“I’m not saying that’s going to happen,” Bradley told Motoring Research. “We’re going to be conservative in our numbers. But when I went to Japan, Aikawa [former president and chief operating officer of Mitsubishi Motors Corporation] ambitiously suggested that it might be possible.”

The new crossover will use a shortened version of the Outlander’s platform and will feature a more stylish, coupe roofline.

Although a plug-in hybrid version would appear to make sense following the success of the Outlander PHEV, reduced incentives and high costs mean the firm might stick to more conventional powertrains for the Eclipse.

A new 1.5-litre turbocharged petrol engine is expected to be popular, while a 2.2-litre turbodiesel will also be offered. The SUV will be available with two- and four-wheel-drive powertrains.

Could this Qashqai-sized SUV save Mitsubishi's fortunes?

Could this Qashqai-sized SUV save Mitsubishi’s fortunes?

Could this Qashqai-sized SUV save Mitsubishi's fortunes?

Mitsubishi has teased a new SUV ahead of its reveal at the upcoming Geneva Motor Show – and hinted that it could be a ‘turning point’ for the brand in the UK.

The Qashqai-sized crossover is rumoured to be named the Eclipse and will sit between the ASX and the Outlander in the company’s range.

The Japanese carmaker saw UK registrations plummet in 2016 – down nearly 20% to 18,237 sales last year. In recent years it’s been relying on sales of its popular Outlander PHEV crossover, which has been hit by reduced government incentives for plug-in hybrid cars.

Mitsubishi teased the new crossover in concept form as the XR-PHEV II at the 2015 Geneva Motor Show.

At the time, Mitsubishi UK’s managing director Lance Bradley told Motoring Research it had potential to double the manufacturer’s sales figures in the UK.

He explained that, in 2015, Mitsubishi UK was expecting to sell 10,000 Outlander PHEVs. As the C-segment crossover sector is three times larger than the D-segment SUV, the firm could potentially sell 30,000 Qashqai-rivals a year.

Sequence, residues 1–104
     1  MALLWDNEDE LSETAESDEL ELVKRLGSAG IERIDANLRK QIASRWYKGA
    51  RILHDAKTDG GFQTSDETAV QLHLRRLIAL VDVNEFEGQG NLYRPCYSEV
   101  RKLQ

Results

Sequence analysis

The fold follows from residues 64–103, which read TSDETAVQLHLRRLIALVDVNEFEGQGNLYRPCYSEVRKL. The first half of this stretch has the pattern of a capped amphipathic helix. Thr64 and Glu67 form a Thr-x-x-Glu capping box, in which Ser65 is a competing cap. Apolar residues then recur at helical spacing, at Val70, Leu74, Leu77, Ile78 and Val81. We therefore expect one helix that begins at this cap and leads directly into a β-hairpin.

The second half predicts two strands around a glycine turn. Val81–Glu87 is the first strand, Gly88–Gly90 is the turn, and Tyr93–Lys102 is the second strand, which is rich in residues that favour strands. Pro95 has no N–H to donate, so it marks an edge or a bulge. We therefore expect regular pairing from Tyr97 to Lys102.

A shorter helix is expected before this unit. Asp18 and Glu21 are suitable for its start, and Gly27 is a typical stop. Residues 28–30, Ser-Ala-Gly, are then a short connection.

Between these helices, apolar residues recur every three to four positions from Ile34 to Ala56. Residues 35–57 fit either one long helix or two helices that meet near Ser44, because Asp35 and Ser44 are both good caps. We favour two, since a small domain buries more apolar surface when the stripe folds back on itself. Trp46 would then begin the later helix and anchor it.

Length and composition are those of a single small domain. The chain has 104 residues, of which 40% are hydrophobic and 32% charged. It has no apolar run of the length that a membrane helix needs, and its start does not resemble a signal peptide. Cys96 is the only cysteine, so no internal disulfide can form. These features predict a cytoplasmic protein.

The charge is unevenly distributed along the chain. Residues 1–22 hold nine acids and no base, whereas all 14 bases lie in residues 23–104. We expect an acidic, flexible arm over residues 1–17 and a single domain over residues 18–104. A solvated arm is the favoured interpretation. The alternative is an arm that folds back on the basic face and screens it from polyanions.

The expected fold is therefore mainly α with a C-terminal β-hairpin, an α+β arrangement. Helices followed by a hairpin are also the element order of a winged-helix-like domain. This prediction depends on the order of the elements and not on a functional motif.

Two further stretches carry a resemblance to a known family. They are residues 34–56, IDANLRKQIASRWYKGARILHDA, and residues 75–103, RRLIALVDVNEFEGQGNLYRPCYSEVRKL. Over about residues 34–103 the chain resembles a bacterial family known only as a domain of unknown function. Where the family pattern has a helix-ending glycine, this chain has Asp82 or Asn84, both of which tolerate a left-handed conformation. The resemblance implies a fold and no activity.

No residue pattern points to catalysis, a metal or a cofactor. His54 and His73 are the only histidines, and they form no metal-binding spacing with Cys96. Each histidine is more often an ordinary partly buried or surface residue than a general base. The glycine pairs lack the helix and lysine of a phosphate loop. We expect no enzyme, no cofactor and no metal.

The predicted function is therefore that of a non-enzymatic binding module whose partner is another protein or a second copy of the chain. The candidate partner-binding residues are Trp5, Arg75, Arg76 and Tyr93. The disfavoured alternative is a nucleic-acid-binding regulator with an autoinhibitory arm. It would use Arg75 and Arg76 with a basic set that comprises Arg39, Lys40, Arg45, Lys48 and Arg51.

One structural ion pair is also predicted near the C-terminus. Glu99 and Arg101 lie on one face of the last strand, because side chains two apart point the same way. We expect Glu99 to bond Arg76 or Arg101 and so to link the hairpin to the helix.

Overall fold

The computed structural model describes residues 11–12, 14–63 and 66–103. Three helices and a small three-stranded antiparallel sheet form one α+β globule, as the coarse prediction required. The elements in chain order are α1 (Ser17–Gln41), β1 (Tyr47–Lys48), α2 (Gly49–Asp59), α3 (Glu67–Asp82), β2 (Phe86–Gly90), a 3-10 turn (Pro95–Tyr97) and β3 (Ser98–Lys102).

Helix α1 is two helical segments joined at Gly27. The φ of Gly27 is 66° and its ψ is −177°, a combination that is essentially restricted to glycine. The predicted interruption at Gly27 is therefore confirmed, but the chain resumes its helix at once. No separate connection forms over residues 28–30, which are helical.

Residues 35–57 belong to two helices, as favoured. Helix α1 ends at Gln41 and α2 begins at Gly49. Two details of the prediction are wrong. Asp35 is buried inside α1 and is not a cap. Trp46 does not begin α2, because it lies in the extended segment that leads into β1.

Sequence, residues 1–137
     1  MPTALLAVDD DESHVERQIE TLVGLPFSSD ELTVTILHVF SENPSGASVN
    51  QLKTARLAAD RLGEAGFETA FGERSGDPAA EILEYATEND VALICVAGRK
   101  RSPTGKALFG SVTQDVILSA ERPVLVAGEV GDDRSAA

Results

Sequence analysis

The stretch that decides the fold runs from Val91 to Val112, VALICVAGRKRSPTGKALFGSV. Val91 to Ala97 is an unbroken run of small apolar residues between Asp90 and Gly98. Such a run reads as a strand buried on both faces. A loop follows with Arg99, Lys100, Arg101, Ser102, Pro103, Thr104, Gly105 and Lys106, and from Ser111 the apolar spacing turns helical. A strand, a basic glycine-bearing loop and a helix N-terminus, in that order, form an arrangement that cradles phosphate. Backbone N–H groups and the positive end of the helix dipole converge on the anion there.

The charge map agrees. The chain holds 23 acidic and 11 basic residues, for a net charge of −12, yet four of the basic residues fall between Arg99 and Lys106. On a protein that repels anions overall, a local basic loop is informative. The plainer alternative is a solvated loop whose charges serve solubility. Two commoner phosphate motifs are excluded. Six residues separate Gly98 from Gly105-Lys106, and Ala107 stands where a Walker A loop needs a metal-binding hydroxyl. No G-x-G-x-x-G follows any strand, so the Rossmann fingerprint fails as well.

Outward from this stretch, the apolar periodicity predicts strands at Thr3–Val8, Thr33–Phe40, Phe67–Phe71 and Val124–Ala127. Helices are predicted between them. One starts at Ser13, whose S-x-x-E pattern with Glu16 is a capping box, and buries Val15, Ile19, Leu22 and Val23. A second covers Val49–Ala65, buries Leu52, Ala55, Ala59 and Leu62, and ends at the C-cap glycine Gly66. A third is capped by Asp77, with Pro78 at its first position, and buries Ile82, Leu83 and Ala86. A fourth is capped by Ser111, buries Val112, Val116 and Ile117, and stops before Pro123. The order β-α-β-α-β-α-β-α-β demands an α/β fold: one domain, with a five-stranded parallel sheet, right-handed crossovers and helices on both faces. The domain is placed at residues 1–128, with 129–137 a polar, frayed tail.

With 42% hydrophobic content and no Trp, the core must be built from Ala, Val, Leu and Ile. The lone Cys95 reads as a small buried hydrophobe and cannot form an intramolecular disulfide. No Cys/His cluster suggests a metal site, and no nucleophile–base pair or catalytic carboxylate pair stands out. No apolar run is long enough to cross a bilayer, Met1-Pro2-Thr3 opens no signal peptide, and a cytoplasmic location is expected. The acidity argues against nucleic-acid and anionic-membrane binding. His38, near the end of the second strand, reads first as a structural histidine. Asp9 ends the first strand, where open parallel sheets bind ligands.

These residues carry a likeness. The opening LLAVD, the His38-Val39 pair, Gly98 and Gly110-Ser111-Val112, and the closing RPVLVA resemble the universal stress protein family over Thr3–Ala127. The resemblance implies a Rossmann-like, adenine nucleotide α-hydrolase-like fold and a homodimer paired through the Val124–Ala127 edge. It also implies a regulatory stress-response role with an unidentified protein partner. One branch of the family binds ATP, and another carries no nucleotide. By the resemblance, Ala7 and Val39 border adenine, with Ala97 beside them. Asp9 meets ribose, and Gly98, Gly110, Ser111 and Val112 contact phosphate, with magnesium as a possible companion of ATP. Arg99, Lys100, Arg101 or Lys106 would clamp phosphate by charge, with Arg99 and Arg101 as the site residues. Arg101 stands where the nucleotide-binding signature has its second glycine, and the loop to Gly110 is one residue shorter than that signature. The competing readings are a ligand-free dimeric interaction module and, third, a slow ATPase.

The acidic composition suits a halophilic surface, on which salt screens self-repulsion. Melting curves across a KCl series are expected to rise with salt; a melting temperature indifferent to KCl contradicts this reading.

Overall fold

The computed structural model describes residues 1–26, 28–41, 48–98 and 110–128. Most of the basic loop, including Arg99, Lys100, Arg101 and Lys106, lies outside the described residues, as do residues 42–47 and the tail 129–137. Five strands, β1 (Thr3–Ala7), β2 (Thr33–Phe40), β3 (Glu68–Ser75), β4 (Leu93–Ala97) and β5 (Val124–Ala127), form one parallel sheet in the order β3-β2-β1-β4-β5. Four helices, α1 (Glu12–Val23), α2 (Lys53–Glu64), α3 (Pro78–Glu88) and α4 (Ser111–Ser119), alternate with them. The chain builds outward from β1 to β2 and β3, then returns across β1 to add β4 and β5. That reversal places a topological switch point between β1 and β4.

“I’m not saying that’s going to happen,” Bradley told Motoring Research. “We’re going to be conservative in our numbers. But when I went to Japan, Aikawa [former president and chief operating officer of Mitsubishi Motors Corporation] ambitiously suggested that it might be possible.”

The new crossover will use a shortened version of the Outlander’s platform and will feature a more stylish, coupe roofline.

Although a plug-in hybrid version would appear to make sense following the success of the Outlander PHEV, reduced incentives and high costs mean the firm might stick to more conventional powertrains for the Eclipse.

A new 1.5-litre turbocharged petrol engine is expected to be popular, while a 2.2-litre turbodiesel will also be offered. The SUV will be available with two- and four-wheel-drive powertrains.

Volvo XC40

2018 Volvo XC40 first drive: watch out, Jaguar E-Pace

Volvo XC40Volvo is relevant. That’s the news that’s been coming out of the Chinese-owned Swedish car brand over the past few years. First, there was the brilliant XC90, which we said was good enough to take on the Range Rover. Then there was the smaller XC60 – not quite as convincing, but still a genuine rival to the BMW X3 and Audi Q5.